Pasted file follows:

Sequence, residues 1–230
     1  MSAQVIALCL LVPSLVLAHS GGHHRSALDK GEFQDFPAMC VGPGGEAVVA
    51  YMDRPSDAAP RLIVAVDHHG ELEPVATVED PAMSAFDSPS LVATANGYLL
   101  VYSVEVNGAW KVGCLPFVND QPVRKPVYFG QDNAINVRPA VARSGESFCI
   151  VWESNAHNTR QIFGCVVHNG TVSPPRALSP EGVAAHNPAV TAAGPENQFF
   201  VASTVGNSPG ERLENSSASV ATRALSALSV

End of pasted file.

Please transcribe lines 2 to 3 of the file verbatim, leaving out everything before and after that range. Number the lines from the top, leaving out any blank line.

     1  MSAQVIALCL LVPSLVLAHS GGHHRSALDK GEFQDFPAMC VGPGGEAVVA
    51  YMDRPSDAAP RLIVAVDHHG ELEPVATVED PAMSAFDSPS LVATANGYLL